“I Feel We are Inclusive Enough”: Examining Swimming Coaches’ Understandings of Inclusion and Disability

in Sociology of Sport Journal
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In this study, semi-structured interviews were conducted with eight Victorian swimming coaches to examine the discourses of disability1 and inclusion that they expressed in relation to their current coaching practices. Analysis specifically pursued links between neoliberalism, ableism, elitism, classification and inclusion in coaching, with the intention of exploring what discourse relations are possible, imaginable and practical within what have been referred to as neoliberal-ableist times. Findings reveal that coaches replicate and reproduce elitist, ableist assumptions about the body and sport. The discussion prompts a consideration of how rationalities and techniques of inclusion are limited under the prevailing political context.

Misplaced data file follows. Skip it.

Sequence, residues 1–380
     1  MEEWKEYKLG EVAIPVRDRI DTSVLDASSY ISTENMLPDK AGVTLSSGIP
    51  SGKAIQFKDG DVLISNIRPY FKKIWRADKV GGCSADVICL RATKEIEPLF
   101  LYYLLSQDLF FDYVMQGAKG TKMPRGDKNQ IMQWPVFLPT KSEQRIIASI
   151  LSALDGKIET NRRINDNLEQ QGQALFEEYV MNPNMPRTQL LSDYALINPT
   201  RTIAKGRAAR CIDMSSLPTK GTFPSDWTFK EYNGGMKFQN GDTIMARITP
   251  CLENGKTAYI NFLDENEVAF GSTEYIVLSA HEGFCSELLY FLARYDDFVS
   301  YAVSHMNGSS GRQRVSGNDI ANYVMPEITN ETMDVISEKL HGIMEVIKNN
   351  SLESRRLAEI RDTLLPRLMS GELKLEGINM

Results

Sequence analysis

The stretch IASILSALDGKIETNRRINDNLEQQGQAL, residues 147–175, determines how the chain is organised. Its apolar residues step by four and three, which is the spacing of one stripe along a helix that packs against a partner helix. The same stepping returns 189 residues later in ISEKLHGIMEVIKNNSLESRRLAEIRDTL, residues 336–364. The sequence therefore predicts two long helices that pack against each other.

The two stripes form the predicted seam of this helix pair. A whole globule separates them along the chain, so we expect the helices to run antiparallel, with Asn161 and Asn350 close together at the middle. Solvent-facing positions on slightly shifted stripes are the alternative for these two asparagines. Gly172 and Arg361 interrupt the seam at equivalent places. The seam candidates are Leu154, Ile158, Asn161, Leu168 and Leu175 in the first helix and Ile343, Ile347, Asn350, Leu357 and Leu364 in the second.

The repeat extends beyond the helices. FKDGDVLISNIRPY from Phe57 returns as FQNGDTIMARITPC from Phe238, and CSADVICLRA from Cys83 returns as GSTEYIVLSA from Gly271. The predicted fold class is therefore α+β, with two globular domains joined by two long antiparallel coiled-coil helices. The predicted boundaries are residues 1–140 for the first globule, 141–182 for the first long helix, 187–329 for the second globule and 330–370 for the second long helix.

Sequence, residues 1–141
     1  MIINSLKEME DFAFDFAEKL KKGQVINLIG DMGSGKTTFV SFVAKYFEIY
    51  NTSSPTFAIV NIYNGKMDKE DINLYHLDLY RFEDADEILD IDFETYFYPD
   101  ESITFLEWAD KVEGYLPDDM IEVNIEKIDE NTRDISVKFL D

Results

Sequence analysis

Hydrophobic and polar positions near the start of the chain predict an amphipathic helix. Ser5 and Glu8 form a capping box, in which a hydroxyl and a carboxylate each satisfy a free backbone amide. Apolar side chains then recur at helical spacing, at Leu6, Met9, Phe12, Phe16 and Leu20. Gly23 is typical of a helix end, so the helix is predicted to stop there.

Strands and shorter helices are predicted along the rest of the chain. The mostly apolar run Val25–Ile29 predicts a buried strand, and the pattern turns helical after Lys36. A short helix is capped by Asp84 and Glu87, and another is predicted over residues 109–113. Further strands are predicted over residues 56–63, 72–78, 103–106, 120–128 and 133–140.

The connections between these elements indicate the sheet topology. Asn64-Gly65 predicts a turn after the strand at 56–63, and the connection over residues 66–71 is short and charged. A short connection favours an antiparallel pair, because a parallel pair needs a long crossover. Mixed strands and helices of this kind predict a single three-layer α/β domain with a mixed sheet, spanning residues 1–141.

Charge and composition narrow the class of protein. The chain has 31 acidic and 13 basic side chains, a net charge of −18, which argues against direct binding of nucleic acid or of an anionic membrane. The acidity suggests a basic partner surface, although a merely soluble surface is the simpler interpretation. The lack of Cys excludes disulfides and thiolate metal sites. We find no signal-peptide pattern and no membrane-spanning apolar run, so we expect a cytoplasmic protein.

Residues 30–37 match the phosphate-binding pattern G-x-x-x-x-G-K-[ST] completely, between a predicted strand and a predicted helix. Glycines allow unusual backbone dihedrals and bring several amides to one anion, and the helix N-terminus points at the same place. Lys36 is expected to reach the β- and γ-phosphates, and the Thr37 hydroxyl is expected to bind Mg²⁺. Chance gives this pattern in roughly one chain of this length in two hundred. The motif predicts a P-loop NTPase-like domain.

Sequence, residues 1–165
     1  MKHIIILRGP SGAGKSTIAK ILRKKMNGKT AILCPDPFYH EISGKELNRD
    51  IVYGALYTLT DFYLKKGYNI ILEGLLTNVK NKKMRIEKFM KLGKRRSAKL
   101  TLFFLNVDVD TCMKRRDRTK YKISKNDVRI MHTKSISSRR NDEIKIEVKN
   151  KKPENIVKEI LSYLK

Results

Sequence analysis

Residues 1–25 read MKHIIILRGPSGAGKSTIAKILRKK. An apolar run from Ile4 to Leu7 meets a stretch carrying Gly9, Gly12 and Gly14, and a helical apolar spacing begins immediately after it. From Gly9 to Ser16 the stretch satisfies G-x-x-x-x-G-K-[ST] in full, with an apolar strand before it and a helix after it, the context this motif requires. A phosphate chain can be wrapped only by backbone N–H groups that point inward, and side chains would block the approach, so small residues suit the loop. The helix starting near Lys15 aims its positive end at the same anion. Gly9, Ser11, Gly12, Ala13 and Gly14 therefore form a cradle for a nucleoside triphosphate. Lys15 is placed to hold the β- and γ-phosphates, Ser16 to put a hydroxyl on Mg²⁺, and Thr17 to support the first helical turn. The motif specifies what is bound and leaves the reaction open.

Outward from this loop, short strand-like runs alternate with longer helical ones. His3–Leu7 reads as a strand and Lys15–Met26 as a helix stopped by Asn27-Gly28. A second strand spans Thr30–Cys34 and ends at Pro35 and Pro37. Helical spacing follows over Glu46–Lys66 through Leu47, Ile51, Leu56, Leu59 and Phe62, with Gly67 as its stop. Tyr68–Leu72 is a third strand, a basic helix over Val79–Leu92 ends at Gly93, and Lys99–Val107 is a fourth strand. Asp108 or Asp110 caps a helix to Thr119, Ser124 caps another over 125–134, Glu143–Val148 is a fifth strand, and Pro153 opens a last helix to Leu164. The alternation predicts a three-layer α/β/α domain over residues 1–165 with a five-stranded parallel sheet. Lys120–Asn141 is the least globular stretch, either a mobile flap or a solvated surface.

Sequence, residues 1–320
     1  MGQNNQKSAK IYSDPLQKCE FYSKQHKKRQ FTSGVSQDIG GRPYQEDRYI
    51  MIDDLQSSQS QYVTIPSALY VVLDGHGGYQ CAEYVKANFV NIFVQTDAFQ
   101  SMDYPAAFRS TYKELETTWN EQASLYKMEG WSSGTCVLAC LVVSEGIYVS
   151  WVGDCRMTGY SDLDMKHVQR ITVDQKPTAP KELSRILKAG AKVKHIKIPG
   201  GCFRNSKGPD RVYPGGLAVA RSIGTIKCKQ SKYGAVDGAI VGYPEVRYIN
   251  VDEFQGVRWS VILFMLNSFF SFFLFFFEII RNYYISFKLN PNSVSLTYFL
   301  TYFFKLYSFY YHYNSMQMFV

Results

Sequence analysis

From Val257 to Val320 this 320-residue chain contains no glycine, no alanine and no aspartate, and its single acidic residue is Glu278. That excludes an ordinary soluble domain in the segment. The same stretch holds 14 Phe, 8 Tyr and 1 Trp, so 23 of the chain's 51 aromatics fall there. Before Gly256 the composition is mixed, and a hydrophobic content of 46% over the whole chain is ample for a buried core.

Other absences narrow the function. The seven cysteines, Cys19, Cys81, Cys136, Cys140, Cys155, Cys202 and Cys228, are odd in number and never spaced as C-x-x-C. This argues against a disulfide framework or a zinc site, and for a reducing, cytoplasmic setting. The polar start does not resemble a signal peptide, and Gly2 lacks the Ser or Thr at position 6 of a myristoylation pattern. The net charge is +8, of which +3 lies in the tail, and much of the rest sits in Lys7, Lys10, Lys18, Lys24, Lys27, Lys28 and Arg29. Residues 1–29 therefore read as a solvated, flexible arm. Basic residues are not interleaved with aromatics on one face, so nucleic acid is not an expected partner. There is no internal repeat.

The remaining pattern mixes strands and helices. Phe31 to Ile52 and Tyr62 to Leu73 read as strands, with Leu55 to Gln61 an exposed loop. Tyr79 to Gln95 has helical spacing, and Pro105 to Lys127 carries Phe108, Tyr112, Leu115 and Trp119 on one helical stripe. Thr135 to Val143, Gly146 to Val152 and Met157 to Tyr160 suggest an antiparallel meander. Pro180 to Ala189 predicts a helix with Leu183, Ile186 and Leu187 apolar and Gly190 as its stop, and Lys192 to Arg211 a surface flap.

Hammond is with the School of Kinesiology, University of British Columbia, Vancouver, Canada. Jeanes, Penney, and Leahy are with the Faculty of Education, Monash University, Melbourne, Australia. Penney is also with the School of Education, Edith Cowan University, Perth, Australia.

Address author correspondence to Andrew Hammond at andrew.hammond@ubc.ca.
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